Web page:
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June 30, 2014

Why Is Casino Gaming Excluded from Online Gaming Proposals?

By: Ifrah Law

Now that three states—Delaware, Nevada, and New Jersey—have successfully launched online gaming, there is a flurry of proposed legislation as other U.S. jurisdictions seek to get in on the action.  A surprising number of the proposals seek to limit gaming to poker alone, forbidding real-money online casino games such as slots and blackjack.  Such proposals have been floated in California, Pennsylvania, and even by the federal government.

From a financial perspective, a poker-only restriction is a puzzling choice because internet casino games consistently generate more revenue than internet poker games in the states where both types of gaming are offered.  For instance, in May 2014 New Jersey online casino games generated $8,196,276 in revenue, whereas online poker only generated $2,273,657 in revenue.  While Delaware initially saw a stronger start for online poker than online casino gaming when it launched igaming in late 2013, that trend has reversed and over the past three months casino games have posted higher revenue proceeds than poker.  The May 2014 figures reported $72,537 for Delaware internet table game revenue, and $57,469.87 for Delaware internet poker proceeds.

Legislation prohibiting casino style games seems to be following the lead of Nevada, which currently only allows real-money poker within its state borders.  Interestingly, Nevada’s underlying legislation legalizes “interactive gaming,” a phrase which encompasses all types of online games, however Nevada’s implementing regulation only allows for online poker.

Nevada’s regulatory restriction to poker-only online gaming appears to have been in response to competitive factors also present in states like California and Pennsylvania.  Casinos profit less from poker than they do from casinos games, since poker is a player vs. player game in which the house only takes a rake but cannot win, whereas casino games offer the potential for the house to win substantial sums.  Since the poker rooms at land-based casinos do not generate significant profits for casinos, the casinos are less concerned about “cannibalization” of the industry—that is, the possibility that online gaming will cut into land-based revenue for the same games.  The casinos see that online poker is more likely to expand its current revenue pool beyond the existing clientele, especially by bringing in a younger audience of players who are likely to play online but not visit a casino.  (Numerous studies have shown that online casino games would not cannibalize land-based casinos either, but the fear remains that the land-based industry would suffer if these cash cow games went online.)

State-run lotteries may fear that online casino games will compete with sales of scratch-off lottery tickets, which often mimic popular casino games. When the federal Reid-Kyl legislation was pending, the lottery industry lobbied against the poker-only bill because it would prohibit online instant-win lottery sales as well.  The lottery industry may be more supportive of a poker-only bill which prohibits private entities from offering casino games, while allowing the lotteries to offer scratch-off sales online.  The convenience store industry has supported poker-only legislation which prohibits any type of internet instant-win games because it keeps scratch-off customers coming to their stores.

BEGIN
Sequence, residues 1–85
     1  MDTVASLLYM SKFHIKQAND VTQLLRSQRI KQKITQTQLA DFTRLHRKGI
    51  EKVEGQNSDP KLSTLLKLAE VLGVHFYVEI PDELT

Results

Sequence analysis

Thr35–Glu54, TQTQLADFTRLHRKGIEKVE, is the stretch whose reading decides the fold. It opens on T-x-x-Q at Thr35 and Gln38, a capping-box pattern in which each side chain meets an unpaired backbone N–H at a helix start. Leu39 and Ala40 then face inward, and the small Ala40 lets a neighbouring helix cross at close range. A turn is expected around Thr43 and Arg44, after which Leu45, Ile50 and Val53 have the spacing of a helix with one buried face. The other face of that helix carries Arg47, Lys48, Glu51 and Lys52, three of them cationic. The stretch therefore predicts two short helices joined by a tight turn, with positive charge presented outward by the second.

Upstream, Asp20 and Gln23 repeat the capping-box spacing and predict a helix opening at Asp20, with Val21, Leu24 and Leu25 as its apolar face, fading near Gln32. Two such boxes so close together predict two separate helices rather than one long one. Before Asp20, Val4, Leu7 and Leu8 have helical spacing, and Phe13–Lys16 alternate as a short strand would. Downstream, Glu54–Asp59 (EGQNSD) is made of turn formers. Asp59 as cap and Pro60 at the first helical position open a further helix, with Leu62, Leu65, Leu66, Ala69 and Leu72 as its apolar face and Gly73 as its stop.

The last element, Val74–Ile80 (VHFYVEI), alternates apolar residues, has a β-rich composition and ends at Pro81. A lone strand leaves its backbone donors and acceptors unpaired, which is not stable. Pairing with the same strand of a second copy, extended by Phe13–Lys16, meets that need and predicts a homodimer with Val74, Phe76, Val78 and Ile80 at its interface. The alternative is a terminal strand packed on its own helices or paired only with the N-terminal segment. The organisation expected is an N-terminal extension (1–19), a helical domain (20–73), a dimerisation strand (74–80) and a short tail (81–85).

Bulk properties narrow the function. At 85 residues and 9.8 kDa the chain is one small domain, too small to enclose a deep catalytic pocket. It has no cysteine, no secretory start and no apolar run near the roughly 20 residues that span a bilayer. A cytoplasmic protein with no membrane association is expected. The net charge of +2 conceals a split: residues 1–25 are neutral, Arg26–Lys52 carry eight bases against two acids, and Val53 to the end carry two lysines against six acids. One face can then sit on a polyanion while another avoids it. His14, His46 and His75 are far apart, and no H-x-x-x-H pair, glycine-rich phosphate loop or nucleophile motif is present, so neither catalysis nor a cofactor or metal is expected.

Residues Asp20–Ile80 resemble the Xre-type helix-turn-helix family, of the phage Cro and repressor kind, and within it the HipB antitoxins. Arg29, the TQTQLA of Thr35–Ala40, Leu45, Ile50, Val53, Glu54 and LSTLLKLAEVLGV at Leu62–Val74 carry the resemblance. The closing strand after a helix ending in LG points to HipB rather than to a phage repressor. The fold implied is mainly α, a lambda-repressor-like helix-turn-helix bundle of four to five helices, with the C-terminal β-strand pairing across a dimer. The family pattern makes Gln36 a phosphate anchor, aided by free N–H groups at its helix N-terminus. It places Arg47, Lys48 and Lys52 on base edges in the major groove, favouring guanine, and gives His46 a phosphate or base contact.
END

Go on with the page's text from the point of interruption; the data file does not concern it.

California’s push for poker-only online gaming legislation is significantly influenced by the tribal nations within the state, which are the exclusive providers of electronic gaming machines, blackjack, and other house-banked card games.  The tribes are concerned that if patrons could play these types of games over the internet they will not come spend money at the land-based casinos, especially those that are not conveniently located.  Non-Indian card rooms already provide competition on player vs. player games such as poker, so poker-only online gaming legislation presents little risk to the tribes’ bottom line.

The player vs. player/ player vs. house distinction is also key to a proposed federal bill which has recently been circulating on Capitol Hill.  The Internet Gambling Prohibition and Control Act of 2014 proposes to expressly permit online poker as between players in states where it has been legalized, because it is a card game “in which the success over the long run is influenced by the skill of the player” and which players wager against each other rather than the house.  The proposed Act would, however, prohibit other forms of internet gambling in which chance plays a material part in the outcome of the game—thus rendering even intrastate online casino games illegal.  Federal bills have been floated for years with no action, however, and we expect that nothing will come of this proposal either.  For now, the federal government seems content to let states decide gambling issues on a state-by-state basis, as they have historically.

Some states considering poker-only legislation view it as a test run to see how the well the state can implement online gaming safely and responsibly before adding casino games to the mix.  Nevada and Pennsylvania have said that they see online poker as a potential first step into online gaming rather than a final one.  We believe that many poker-only states will find themselves adding casino games down the line when they see how much potential revenue they’re leaving on the table.